1. What is a Shellcode ?

A shellcode is a string that represents executable binary code. Originally intended to launch a shell ('/bin/sh' under Unix or 'cmd.exe' under DOS and Microsoft Windows for example), the word has evolved to mean any malicious code that hijacks a program from its normal execution. A shellcode can be used by a hacker wanting access to the command line.

2. How it works ?

Generally, shellcodes are injected into the computer's memory by exploiting a buffer overflow. In this case, the execution of the shellcode can be triggered by the replacement in the stack of the normal return address by the address of the injected shellcode. Thus, when the routine is complete, the microprocessor, which should normally execute the instructions located at the return address, executes the shellcode.
Indeed, the shellcode is executed directly by the CPU, which means that no compilation / linkage is required.

It is important to remember the following points for the rest of this tutorial:

  • The size of the shellcode is important, the smaller it is, the better it is.

The reason for this is that when using a buffer overflow (for example), we do not necessarily have a lot of allocated memory, which means that if our shellcode is too big, we will not inject everything into memory and therefore, the operation will fail.

  • Be careful of bad characters like:
    • 0x00, 0x0A, 0x0D

Indeed, we must take into account the function vulnerable to our buffer overflow and understand how it works. In C, the string character is '\0', which is a NULL Byte. Which means that if we run the strcpy function, this function will stop copying our payload as soon as it finds an end-of-string character.

For the function "gets", it is the character of line break which indicates the end (\n), that is why we must not have 0x0A in our shellcode.

3. Where can I find shellcodes ?

It is possible to find shellcodes everywhere on the internet. However, there are specialized sites like:

  • http://shell-storm.org/shellcode/
  • https://www.exploit-db.com/shellcode/

However, I want to draw your attention to an important point. It is not recommended to run a shellcode find on the internet without analyzing it before.
Indeed, we are never safe that the shellcode executes a malicious action (ex: rm -rf /).

4. How to run and / or analyze a shellcode?

To analyze a shellcode, just write the following code:

# gcc -z execstack -fno-stack-protector shellcode.c

#include <stdio.h>
#include <string.h>

unsigned char shellcode[] = \
"SHELLCODE";

int main(int ac, char **av)
{
    printf("Shellcode Length:  %d\n", strlen(shellcode));

    int (*ret)() = (int(*)())shellcode;

    ret();
}

Once the code compiled, it is possible to analyze it with a debugger.

gdb-peda$ pdisass main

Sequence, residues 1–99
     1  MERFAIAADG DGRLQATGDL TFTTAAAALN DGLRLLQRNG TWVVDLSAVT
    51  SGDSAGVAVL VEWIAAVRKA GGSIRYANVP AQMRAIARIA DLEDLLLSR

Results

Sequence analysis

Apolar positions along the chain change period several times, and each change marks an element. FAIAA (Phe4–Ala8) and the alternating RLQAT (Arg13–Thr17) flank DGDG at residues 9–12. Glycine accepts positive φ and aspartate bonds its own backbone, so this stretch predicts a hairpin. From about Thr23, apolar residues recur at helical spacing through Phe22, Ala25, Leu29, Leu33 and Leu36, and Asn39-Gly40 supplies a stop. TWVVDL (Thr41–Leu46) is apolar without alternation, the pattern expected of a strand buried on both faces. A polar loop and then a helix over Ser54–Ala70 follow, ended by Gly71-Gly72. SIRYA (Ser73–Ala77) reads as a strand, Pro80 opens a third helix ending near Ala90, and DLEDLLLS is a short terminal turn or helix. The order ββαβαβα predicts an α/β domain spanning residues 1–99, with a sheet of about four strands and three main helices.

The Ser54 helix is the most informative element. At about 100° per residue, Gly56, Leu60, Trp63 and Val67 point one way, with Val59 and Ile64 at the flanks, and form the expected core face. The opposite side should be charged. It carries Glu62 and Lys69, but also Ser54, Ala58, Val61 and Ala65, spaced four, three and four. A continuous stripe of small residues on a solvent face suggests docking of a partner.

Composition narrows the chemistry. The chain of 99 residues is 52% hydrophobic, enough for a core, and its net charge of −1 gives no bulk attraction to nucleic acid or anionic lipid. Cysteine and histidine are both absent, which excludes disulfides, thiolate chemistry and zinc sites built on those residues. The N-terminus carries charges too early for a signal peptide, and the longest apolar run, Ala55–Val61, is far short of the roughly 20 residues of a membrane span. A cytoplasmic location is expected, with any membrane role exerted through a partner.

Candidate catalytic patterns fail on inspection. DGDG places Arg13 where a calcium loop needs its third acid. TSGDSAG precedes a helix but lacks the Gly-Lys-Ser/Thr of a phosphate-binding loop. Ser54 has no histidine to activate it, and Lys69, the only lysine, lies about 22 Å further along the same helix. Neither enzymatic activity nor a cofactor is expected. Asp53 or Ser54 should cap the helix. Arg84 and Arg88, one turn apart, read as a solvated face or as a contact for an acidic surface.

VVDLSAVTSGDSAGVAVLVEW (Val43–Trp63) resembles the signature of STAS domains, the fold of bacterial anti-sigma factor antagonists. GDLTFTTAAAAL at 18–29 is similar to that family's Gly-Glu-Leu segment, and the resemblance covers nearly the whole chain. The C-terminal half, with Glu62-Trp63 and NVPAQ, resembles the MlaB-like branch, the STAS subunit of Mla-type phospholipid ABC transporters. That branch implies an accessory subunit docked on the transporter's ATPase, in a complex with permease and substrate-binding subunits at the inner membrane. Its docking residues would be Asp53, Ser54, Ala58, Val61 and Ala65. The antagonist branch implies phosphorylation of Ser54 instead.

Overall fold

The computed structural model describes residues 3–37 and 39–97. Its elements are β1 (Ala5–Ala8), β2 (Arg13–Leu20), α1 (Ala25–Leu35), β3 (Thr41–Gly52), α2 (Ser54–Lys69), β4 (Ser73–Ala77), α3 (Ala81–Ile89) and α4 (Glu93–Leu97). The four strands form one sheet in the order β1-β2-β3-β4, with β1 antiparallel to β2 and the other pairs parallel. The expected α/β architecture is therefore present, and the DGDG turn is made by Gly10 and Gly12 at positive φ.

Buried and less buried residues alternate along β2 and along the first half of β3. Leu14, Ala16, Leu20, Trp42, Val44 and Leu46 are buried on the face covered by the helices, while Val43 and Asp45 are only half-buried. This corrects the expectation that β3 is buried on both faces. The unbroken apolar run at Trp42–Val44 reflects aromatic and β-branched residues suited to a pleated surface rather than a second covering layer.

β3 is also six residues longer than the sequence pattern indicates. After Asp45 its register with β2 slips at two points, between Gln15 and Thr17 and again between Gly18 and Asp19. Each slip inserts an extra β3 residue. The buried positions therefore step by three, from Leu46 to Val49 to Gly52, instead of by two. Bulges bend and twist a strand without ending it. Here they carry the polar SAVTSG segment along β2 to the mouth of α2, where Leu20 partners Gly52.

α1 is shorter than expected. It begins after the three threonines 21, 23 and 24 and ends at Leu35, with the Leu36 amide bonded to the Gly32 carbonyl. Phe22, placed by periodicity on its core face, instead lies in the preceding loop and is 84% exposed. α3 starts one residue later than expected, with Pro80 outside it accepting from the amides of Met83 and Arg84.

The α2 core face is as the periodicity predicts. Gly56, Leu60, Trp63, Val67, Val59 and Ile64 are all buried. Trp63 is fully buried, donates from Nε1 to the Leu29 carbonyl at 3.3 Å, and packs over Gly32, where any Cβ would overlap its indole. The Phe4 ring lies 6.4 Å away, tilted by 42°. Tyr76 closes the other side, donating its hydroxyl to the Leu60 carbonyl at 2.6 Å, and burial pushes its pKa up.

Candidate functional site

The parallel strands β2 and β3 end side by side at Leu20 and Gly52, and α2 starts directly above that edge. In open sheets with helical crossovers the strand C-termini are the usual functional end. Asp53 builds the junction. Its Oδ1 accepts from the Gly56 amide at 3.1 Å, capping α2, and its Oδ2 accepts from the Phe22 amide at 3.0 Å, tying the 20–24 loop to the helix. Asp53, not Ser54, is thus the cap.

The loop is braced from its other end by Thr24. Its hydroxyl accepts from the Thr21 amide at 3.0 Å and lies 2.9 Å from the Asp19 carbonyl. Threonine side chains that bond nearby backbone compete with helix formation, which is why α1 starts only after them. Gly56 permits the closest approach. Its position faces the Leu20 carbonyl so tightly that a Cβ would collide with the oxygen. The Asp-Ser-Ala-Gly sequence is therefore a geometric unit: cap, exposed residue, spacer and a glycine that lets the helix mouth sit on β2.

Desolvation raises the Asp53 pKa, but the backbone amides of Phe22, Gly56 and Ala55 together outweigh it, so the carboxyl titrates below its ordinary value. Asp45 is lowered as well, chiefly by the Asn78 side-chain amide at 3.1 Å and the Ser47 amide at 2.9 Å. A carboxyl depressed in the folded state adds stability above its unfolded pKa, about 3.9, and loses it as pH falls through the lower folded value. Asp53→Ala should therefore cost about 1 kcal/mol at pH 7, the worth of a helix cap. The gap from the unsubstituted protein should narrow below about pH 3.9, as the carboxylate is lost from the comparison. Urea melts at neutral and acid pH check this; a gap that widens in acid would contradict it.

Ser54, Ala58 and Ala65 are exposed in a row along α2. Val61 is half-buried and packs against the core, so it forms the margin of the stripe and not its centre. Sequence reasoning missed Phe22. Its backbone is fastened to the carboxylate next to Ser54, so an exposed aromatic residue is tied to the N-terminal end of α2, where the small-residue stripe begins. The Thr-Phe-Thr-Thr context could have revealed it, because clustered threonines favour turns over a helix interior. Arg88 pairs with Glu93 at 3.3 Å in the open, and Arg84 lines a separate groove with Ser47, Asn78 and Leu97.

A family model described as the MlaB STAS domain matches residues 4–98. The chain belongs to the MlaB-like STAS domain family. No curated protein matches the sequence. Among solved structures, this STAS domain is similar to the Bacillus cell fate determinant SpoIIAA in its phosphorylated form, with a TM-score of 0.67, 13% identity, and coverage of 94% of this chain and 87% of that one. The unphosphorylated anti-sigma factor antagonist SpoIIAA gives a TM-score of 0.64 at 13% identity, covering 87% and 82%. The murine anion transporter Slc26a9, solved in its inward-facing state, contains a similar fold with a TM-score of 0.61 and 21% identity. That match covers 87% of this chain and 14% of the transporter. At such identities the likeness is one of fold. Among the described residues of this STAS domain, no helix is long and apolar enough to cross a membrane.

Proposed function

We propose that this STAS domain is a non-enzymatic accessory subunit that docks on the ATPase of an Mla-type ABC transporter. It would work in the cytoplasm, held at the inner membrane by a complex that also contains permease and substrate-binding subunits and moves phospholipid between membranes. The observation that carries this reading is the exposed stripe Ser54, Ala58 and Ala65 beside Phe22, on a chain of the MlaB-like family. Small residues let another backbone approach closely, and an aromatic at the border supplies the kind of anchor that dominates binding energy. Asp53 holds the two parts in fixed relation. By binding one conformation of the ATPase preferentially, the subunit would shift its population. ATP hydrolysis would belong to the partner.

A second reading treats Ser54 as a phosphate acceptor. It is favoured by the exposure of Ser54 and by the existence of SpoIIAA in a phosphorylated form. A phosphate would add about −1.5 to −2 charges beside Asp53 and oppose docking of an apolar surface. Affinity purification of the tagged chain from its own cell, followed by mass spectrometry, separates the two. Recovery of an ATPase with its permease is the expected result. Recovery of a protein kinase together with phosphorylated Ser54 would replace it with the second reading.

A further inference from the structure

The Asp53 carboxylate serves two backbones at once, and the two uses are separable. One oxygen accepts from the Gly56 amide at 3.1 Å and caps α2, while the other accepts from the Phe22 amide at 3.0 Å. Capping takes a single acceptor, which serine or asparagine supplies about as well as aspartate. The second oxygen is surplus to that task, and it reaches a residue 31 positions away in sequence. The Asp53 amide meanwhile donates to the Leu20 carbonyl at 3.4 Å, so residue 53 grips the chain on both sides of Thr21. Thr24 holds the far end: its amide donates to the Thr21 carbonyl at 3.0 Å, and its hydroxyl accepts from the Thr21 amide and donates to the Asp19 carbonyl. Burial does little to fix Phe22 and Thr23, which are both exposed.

Dump of assembler code for function main:
   0x0000000000400527 <+0>: push   rbp
   0x0000000000400528 <+1>: mov    rbp,rsp
   0x000000000040052b <+4>: sub    rsp,0x10
   0x000000000040052f <+8>: lea    rdi,[rip+0x200b0a]        # 0x601040 <code>
   0x0000000000400536 <+15>:    call   0x400430 <strlen@plt>
   0x000000000040053b <+20>:    mov    esi,eax
   0x000000000040053d <+22>:    lea    rdi,[rip+0xb0]        # 0x4005f4
   0x0000000000400544 <+29>:    mov    eax,0x0
   0x0000000000400549 <+34>:    call   0x400440 <printf@plt>
   0x000000000040054e <+39>:    lea    rax,[rip+0x200aeb]        # 0x601040 <code>
   0x0000000000400555 <+46>:    mov    QWORD PTR [rbp-0x8],rax
   0x0000000000400559 <+50>:    mov    rdx,QWORD PTR [rbp-0x8]
   0x000000000040055d <+54>:    mov    eax,0x0
   0x0000000000400562 <+59>:    call   rdx  <------------- PUT YOUR BREAKPOINT HERE
   0x0000000000400564 <+61>:    mov    eax,0x0
   0x0000000000400569 <+66>:    leave  
   0x000000000040056a <+67>:    ret    
End of assembler dump.

I advise you to put a breakpoint on the instruction "call rdx", advance once "step" and perform static analysis on the code that will result, to avoid any problem.

There is another technique for running a shellcode directly from python code:

#/usr/bin/env python

from ctypes import *

libc = CDLL('libc.so.6')
mprotect = libc.mprotect
mprotect.restype = c_int
mprotect.argtypes = [c_void_p, c_size_t, c_int]

shellcode_data = (b"SHELLCODE")
shellcode = create_string_buffer(shellcode_data)
function = cast(shellcode, CFUNCTYPE(c_void_p))

addr = cast(function, c_void_p).value
pagesize = libc.getpagesize()
addr_page = (addr // pagesize) * pagesize
for page_start in range(addr_page, addr + len(shellcode_data), pagesize):
    assert mprotect(page_start, pagesize, 0x7) == 0

function()

That's all for today, in the next class, we'll see how to create a shellcode :).